‘Time is Brain’ - Key message from Stroke Report launch
The launch of the Irish National Audit of Stroke National Report 2020 took place on Wednesday 2nd February 2022.
Stroke is the leading cause of acquired disability and the 3rd leading cause of death in Ireland
Professor Joe Harbison, Clinical Lead for the Irish National Audit of Stroke (INAS) launched the Irish National Audit of Stroke National Report 2020 at a virtual meeting hosted by NOCA on Wednesday 2nd February 2022. There are approximately 6000 strokes admitted to Irish hospitals per year - this report analysed data on 5,153 stroke patients. While stroke is looked upon as a disease of the older person, over a quarter of the cases were aged under 65 years. 57% of all cases were male.
‘Time is Brain’ - Stroke is a medical emergency which requires urgent treatment. The sooner a person arrives to hospital, is assessed by a doctor and receives a brain scan, the less damage is likely to happen. This results in better outcomes and less disability. Only 50% of patients arrived at hospital within 3 hours of onset of stroke symptoms.
This years' report is the largest and most complete we have produced in the last 10 years despite the challenges of compiling it during the COVID-19 pandemic. It shows continued improvement in some areas, especially in getting patients to urgent treatment faster. In other areas, such as admission to stroke units and provision of therapies, substantial room for improvements remain.Professor Joe Harbison, Clinical Lead, Irish National Audit of Stroke
- The median time to contact with a doctor after arrival at hospital was 11 minutes, 6 minutes faster than in 2019.
- The median time from arrival at hospital to brain scan was 1 hour and 3 minutes, 17 minutes faster than in 2019.
- Thrombolysis is the breakdown of blood clots formed in blood vessels using medication. The thrombolysis rate was 10.6%, similar to 2019 but could be increased if people attended hospital as soon as possible.
- 8.6% of all ischaemic stroke patients had a thrombectomy. This is a procedure where large clots can be removed from arteries in the brain. The current thrombectomy rate in Europe is 1.9%.
- 71% of patients with a stroke were admitted to a stroke unit (below the target of 90%).
- 88% of all patients with a stroke were assessed by at least one type of health and social care professional (HSCP).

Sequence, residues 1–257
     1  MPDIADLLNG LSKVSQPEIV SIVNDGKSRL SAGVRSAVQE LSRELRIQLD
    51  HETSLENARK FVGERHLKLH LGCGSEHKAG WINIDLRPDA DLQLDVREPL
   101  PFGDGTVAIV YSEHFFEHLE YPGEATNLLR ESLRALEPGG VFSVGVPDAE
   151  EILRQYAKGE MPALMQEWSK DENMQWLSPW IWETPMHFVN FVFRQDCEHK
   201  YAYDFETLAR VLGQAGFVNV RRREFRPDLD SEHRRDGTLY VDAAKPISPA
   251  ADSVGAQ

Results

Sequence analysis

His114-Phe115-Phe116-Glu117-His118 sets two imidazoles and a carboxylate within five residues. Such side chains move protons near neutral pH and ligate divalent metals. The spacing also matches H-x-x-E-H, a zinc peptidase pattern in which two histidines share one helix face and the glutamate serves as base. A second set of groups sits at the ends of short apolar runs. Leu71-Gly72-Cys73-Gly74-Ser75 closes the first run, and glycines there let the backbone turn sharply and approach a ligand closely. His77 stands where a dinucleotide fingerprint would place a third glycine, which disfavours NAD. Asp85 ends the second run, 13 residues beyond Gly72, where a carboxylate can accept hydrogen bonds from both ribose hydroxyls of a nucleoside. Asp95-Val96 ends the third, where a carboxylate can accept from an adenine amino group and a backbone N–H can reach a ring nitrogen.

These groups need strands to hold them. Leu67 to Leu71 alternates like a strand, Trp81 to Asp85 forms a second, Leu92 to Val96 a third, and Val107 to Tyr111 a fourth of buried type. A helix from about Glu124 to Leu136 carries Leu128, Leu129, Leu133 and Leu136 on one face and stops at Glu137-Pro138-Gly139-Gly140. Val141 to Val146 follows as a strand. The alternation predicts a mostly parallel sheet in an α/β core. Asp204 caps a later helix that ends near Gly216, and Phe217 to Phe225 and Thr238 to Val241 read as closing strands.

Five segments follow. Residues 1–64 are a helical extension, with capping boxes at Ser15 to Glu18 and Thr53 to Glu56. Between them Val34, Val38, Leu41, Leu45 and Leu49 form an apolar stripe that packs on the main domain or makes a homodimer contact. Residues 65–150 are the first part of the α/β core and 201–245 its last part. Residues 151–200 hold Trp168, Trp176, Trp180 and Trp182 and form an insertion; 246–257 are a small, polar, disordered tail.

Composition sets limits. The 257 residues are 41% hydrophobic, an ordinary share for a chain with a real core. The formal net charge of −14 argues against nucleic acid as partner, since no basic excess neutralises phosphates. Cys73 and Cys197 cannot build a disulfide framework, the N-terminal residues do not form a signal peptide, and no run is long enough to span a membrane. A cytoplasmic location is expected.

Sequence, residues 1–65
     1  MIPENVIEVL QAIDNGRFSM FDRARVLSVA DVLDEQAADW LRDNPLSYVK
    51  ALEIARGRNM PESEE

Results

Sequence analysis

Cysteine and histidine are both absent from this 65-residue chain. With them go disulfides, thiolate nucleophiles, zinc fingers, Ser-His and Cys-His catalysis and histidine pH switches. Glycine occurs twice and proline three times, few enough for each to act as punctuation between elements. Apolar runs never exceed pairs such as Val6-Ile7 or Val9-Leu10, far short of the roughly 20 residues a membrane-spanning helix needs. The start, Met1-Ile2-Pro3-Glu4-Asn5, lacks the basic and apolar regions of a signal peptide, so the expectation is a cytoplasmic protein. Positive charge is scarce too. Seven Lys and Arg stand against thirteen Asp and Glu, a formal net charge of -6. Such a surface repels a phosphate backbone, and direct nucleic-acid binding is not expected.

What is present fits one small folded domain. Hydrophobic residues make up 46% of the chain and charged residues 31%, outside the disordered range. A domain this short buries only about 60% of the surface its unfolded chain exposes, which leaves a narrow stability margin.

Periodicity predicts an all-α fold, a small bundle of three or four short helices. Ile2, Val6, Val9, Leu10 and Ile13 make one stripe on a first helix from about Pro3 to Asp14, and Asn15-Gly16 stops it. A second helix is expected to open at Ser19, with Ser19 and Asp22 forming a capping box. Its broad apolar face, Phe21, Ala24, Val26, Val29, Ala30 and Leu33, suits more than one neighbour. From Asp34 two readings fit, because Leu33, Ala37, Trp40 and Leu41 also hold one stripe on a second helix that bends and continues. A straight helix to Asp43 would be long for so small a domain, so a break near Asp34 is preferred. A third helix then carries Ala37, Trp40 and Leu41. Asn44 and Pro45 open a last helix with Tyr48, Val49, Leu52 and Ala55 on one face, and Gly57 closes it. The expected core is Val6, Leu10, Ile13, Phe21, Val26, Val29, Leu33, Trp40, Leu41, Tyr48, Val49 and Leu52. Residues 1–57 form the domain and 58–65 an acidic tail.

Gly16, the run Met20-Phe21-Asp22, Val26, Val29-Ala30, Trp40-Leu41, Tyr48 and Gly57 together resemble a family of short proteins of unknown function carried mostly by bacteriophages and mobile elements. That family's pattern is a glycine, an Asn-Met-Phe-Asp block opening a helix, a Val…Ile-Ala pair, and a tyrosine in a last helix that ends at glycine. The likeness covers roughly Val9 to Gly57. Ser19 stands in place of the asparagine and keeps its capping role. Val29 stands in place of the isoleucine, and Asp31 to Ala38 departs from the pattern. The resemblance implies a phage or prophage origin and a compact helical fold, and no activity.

- 71% of ischaemic stroke cases had disabilities on discharge.
- 59% of patients were discharged home with a further 7% provided with Early Supported Discharge (stroke specific rehabilitation in the home rather than in hospital).
- Mortality reduced from 12% in 2019 to 11% in 2020.
- There was no substantial change in stroke activity between the pre-COVID-19 and COVID-19 periods.
I am a stroke survivor, having suffered a stroke in 2013 while I was doing an interview on local radio. It should never be forgotten that the patient is the central figure in healthcare, and the patient’s voice must always be heard, as it is by the INAS Governance Committee. The INAS continues to highlight the need to increase public awareness of the symptoms of stroke and the importance of seeking immediate emergency care. I fully agree with the INAS recommendation that a stroke awareness campaign should be funded as a priority in order to ensure that patients can access care as quickly as possible. We need a firm commitment to implement this by the end of 2022.Martin Quinn, Public and Patient Interest Representative, Irish National Audit of Stroke Governance Committee
Copies of the National Report and Summary Report can be read by clicking the buttons below. Copies of the presentations are available below by clicking on the presentation title. The recording of the launch event is available at the bottom of the page.
|Joan McCormack, Cardiovascular Programme Audit Manager||Key Findings 2020|
|Claire Prendergast, Clinical Specialist Physiotherapist in Stroke, Our Lady of Lourdes Hospital Drogheda||Key Findings from the Health and Social Care Professions (HSCP) dataset|
|Shiji Paulose, Clinical Nurse Specialist - Stroke, University Hospital Limerick||Data Reconciliation Project for University Hospital Limerick Stroke Service|
|Professor Philippe Ryvlin, Professor of Neurology, University of Lausanne, Switzerland & Head, Department of Clinical Neurosciences, University Hospital of Lausanne||European Collaboration|